I only have a question.

What will you do about the Tamar’s, one out of every four (by conservative estimates) girls and women all around you?

In your church?

Yes, your conservative, evangelical, wealthy suburban church?

In your quiet little country church?

In your burgeoning, established city church?

Because the Amnon’s of the world know no boundaries.

It’s not the people you don’t know who will hurt your daughter, girlfriend, wife.

It’s the people you do know.

The charismatic worship leader.

The hipster youth leader.

The incred-amazing coach.

The theater professor.

The cousin.

The uncle.

The aunt.

The brother.

The father.

The mother.

The guy who got caught but weeps and grovels and praises Jesus for breaking him and makes everyone believe he’s been redeemed, who convinces everyone he had a mean judge who sentenced him to prison. Because you know, the girl in his youth group, she was sorta slutty, and she sat on his lap. What was he supposed to do? (See Maureen Garcia’s brave article here: I Married a Sex Offender.)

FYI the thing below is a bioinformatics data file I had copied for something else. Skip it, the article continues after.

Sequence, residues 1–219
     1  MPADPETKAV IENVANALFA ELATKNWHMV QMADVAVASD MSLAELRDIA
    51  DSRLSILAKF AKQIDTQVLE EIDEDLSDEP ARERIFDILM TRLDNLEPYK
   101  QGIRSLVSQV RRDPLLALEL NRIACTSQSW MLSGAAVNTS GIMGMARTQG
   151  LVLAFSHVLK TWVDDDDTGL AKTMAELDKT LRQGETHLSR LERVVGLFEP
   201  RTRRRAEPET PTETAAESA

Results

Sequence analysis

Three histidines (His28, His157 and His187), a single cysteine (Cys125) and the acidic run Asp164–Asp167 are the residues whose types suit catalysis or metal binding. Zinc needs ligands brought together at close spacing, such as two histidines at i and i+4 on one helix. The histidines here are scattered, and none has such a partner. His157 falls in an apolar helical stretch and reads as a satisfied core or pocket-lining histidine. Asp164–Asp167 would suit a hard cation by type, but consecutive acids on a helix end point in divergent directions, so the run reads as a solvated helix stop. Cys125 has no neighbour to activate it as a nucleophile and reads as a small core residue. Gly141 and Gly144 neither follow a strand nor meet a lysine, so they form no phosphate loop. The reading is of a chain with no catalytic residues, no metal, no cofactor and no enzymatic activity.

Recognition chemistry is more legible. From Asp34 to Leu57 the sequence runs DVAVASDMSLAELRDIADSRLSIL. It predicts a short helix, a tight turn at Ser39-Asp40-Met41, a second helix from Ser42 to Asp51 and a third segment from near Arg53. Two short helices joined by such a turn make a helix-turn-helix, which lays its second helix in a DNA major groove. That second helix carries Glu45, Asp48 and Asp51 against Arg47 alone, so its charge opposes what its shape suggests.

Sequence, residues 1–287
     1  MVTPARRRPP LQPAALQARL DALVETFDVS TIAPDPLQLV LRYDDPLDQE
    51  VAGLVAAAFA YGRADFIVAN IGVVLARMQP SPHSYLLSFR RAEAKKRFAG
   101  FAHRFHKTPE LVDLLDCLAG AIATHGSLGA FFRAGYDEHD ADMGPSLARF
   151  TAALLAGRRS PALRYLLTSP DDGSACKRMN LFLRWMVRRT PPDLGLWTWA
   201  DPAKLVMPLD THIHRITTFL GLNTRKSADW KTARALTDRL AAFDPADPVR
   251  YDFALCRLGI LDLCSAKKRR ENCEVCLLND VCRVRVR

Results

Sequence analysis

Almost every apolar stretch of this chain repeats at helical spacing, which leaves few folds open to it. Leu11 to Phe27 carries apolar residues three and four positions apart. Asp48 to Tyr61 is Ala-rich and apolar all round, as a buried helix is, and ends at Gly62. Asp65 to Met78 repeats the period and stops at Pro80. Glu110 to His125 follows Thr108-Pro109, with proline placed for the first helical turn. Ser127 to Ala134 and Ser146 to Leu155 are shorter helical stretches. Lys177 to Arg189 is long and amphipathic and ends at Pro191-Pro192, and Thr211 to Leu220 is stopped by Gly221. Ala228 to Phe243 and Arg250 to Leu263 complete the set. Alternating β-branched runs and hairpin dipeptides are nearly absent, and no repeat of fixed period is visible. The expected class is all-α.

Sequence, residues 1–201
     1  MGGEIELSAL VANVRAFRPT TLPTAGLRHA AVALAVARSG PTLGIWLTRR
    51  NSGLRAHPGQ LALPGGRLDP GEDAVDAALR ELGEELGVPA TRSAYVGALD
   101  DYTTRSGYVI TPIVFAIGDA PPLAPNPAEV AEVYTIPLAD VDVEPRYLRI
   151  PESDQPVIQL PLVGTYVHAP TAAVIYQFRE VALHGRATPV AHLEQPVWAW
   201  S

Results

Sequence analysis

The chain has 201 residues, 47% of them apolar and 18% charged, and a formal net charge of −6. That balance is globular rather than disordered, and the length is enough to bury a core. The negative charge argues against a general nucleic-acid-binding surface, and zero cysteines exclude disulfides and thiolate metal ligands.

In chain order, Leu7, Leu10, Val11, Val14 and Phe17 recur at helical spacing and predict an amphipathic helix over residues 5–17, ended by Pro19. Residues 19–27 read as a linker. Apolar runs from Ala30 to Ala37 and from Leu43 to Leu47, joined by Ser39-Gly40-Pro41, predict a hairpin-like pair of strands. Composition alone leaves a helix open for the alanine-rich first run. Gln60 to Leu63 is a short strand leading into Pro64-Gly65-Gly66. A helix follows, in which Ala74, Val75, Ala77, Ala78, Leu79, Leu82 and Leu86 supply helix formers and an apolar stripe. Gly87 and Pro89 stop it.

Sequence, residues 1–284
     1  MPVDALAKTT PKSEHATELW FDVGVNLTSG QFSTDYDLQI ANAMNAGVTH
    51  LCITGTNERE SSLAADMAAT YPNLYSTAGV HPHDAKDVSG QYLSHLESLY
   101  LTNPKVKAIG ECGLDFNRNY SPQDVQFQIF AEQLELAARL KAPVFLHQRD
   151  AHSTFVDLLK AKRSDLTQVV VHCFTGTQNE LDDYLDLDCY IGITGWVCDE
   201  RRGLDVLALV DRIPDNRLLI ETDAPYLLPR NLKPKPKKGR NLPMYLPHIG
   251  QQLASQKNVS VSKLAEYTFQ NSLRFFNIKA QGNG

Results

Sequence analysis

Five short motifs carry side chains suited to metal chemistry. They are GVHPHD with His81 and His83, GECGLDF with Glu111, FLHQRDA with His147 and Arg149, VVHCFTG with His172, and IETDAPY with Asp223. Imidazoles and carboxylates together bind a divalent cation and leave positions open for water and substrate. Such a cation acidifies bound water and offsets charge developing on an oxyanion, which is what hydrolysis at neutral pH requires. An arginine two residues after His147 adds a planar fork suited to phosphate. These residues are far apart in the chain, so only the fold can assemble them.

***

There is a better question.

What will you do to shatter the obscurity of the Tamar’s around you today?

To give them a voice?

To give them a platform?

To give them a reason

a purpose

and a hope

that they can step out of the shadows of shame

that they can live strong

and out loud

instead of in desolation?

***

Note: I wrote my novel, How Sweet the Sound, to give the Tamar’s of the world hope, and to let the rest of the world around them know what it feels like to suffer and begin to heal from the vices of sexual abuse and assault. I took great care to write the story in a way that is gentle enough for survivors to read without being triggered. But make no mistake: the book tells the truth. If you know a Tamar, they might like my book. And if you just want to understand a Tamar better, you might, too.